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• Paul Gottlieb (Tescan Orsay Holding), who summarised the recent technological and software developments at Tescan and discussed future challenges for the TIMA and automated mineralogy.
Thanks to all at Curtin and AXT staff who were involved in the workshop.
DOWNLOAD THE NEWSLETTER Curtin University researchers have for the first time been able to visualise where helium atoms are trapped within individual mineral grains, providing information that can help to determine the geological history of the Earth’s crust and assist in monitoring natural hazards like earthquakes and volcanic eruptions.
November to demonstrate the application and benefits of automated mineralogy to the minerals industry and academic research.
The reidite was discovered using advanced mineral characterisation technologies housed in the John De Laeter Centre (Jd LC) at Curtin University. The response was positive with many participants sharing their views on the importance of data management and discovery, and recognising the contribution that the Jd LC has made in this area. Erratum: Evaluation of preindustrial to present-day black carbon and its albedo forcing from Atmospheric Chemistry and Climate Model Intercomparison Project (ACCMIP) (Atmospheric Chemistry and Physics 2013.13 (2607-2634))Oxygen reduction voltammetry on platinum macrodisk and screen-printed electrodes in ionic liquids: Reaction of the electrogenerated superoxide species with compounds used in the paste of Pt screen-printed electrodes? on: "Revisiting the "Yanbian Terrane": Implications for Neoproterozoic tectonic evolution of the western Yangtze Block, South China" – [Precambrian Research 151 (2006) 14-30] – [Precambrian Research 154 (2007) 153-157]Li ZX, Bogdanova SV, Collins AS, Davidson A, De Waele B, Ernst RE, Evans DAD, Fitzsimons ICW, Fuck RA, Gladkochub DP, Jacobs J, Karlstrom KE, Lu S, Natapov LM, Pease V, Pisarevsky SA, Thrane K, Vernikovsky V.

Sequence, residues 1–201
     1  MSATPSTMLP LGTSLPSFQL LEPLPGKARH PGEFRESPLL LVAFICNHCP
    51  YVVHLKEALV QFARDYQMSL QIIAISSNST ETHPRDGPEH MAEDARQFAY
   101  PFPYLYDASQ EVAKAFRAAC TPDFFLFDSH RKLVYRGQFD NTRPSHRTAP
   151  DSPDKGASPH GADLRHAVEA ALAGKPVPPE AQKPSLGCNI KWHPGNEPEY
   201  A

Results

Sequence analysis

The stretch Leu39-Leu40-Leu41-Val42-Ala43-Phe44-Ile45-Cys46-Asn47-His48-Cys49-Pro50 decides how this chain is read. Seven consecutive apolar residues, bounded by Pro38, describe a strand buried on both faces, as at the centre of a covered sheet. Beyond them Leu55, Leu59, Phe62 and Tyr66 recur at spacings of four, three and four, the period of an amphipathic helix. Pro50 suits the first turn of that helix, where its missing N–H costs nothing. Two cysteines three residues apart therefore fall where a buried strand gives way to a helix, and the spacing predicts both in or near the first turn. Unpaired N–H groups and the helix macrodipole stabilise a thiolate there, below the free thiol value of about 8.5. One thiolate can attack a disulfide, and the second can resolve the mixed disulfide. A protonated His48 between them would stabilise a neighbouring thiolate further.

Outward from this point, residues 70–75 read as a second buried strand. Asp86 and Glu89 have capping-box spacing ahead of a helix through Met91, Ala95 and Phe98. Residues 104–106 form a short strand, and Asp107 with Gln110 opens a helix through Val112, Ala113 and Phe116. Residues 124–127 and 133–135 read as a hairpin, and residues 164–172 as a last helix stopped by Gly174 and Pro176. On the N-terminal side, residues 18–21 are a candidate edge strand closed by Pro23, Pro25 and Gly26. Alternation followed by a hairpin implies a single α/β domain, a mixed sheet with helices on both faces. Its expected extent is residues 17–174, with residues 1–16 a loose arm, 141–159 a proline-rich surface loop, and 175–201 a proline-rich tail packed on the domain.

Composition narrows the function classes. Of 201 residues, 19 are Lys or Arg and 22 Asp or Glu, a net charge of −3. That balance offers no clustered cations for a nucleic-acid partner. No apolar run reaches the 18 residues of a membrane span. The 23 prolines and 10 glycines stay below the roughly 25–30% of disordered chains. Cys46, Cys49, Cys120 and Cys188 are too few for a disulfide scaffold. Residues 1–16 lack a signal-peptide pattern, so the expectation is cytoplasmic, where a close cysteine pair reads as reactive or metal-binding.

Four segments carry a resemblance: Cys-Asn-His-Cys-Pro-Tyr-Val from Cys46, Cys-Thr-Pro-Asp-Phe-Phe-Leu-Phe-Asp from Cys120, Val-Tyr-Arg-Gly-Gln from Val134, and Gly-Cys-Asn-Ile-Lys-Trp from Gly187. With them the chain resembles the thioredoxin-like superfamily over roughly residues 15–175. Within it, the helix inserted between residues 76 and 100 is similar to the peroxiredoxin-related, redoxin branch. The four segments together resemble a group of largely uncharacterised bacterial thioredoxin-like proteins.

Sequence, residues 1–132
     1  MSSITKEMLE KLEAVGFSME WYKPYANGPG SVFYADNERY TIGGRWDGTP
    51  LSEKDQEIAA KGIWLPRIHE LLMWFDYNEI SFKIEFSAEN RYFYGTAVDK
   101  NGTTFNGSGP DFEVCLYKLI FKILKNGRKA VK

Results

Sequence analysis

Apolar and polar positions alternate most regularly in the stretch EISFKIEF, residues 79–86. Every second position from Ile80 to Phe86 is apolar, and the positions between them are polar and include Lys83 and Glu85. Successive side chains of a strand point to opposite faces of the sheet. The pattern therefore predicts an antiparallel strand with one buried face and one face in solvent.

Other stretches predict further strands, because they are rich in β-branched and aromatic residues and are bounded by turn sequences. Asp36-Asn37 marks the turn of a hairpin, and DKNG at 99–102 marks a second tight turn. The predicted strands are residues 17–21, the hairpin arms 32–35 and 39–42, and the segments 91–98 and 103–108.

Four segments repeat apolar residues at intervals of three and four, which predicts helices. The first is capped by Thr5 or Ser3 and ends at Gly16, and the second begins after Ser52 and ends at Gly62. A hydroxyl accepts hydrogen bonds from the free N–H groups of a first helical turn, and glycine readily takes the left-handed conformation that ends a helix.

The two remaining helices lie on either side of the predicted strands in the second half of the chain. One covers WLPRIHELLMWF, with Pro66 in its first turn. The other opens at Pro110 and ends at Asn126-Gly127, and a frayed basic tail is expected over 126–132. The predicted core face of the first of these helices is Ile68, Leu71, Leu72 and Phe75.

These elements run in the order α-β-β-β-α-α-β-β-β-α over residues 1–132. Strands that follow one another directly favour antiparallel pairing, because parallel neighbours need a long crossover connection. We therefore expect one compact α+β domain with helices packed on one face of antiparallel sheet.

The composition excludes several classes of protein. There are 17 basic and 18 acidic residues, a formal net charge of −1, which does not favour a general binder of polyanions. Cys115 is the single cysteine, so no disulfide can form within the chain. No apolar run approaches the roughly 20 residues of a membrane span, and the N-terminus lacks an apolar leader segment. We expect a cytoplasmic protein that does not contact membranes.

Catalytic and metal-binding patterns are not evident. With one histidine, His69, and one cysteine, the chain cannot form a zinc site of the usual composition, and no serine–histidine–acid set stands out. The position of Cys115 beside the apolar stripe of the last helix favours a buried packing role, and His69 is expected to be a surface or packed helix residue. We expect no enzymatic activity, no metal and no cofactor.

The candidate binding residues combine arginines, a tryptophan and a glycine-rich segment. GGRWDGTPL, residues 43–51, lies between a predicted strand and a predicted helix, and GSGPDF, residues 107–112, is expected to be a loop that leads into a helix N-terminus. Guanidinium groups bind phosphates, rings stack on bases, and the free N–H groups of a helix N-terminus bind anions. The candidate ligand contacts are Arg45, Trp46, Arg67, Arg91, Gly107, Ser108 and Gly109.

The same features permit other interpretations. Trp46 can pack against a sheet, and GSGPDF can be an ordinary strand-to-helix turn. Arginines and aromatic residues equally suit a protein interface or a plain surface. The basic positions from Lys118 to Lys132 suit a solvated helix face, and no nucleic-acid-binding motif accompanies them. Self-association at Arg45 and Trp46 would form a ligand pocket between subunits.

“The discovery of this Precambrian occurrence indicates the potential for using the presence of reidite to indicate and record very ancient impact events,” Professor Reddy said.
“It is a breakthrough discovery that will help determine terrestrial impact events which have had a profound influence on Earth’s geological, geochemical and biological evolution.” Deputy Vice-Chancellor Research and Development Professor Graeme Wright said Curtin is at the forefront of high-impact research and development in minerals and energy sectors.
Special thanks goes to Petrina Beeton who organised the venue, catering and parking.
With the success of this function it is anticipated further workshops on automated mineralogy will be held on an annual basis.